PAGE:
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Intel Corp. disclosed some additional details regarding the forthcoming Wireless USB standard that will eventually replace conventional wired Universal Serial Bus. The technology, Intel said, will be used in PC, mobile and consumer electronics applications.

Wireless USB will support up to 480Mb/s transfer speed over 3-4 meters and up to 110Mb/s over 10 meters. The technology will sport certain security capabilities so not to let intruders to take over various devices and/or steal sensitive data. Additionally, wireless USB will inherit “sleep”, “listen” and “wake” functions of conventional Universal Serial Bus in order to enable power-saving features.

Wireless USB, or WUSB, will be based on the multi-band OFDM technology backed by an industry alliance that includes Intel. It also blends in the common UWB radio platform defined by the WiMedia alliance. The UWB and wireless USB specifications are in the early stages of definition. Systems using wireless USB are not expected to ship until sometime in 2005, according to earlier reports.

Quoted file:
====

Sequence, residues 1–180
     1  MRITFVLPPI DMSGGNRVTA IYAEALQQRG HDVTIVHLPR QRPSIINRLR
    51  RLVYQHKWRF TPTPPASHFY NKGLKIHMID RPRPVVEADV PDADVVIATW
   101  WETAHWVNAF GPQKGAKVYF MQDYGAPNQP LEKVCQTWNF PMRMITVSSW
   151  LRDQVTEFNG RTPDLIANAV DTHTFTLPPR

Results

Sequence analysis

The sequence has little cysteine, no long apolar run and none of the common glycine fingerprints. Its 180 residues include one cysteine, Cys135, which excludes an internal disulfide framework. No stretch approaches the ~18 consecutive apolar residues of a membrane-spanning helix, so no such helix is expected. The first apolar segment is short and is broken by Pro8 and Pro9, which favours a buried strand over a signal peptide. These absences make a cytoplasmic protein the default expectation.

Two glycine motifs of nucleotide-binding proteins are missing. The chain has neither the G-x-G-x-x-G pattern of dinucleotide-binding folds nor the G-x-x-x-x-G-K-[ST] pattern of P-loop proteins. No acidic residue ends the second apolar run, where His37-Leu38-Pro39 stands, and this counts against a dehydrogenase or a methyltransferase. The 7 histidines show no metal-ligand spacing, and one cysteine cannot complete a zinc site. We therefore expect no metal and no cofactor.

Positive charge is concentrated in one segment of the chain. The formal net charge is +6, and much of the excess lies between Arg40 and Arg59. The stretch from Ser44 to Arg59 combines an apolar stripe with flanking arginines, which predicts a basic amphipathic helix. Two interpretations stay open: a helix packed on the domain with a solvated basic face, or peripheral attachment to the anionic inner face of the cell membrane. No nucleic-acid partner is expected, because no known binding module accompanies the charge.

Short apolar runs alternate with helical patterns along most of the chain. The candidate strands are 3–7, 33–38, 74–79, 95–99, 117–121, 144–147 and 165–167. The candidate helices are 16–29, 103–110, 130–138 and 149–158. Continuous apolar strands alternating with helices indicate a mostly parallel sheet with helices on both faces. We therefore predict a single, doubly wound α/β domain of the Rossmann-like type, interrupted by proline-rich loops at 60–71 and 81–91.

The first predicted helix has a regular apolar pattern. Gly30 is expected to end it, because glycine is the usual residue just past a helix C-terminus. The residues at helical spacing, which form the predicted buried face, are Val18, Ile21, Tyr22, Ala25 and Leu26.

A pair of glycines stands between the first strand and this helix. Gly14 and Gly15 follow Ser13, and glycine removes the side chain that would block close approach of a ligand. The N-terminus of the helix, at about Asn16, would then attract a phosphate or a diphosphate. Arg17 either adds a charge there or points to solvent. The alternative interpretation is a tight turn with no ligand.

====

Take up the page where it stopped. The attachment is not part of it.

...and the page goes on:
At Wireless Japan 2004 exhibition Intel said that the technology will not only be aimed at desktop PCs and mobile computers, but also will be aggressively promoted among consumer electronics makers.

The interconnect will include new streaming media enhancements to the existing wired USB spec. Proponents see the new specification as the first multimedia interconnect that could be broadly embraced by consumer and computer systems including PCs, digital cameras and camcorders and MP3 players.

Nowadays a lot of devices, such as mobile phones, PDAs, PCs, printers, cameras and even keyboards and mice utilize Bluetooth wireless connectivity for data transfer. A number of devices use some other wireless technologies for the same purposes. Some appliances require faster transfer speed than Bluetooth or other technologies are capable to provide and that is the marketplace for Wireless USB from Intel. With high-speed and flexibility Intel’s technology may be adopted all around the industry and become a tough rival for Bluetooth eventually.

Besides Bluetooth that is widely adopted these days, the Wireless USB will have to compete with forthcoming incarnations of Wireless LAN technology that also supports certain enhancements for multimedia.

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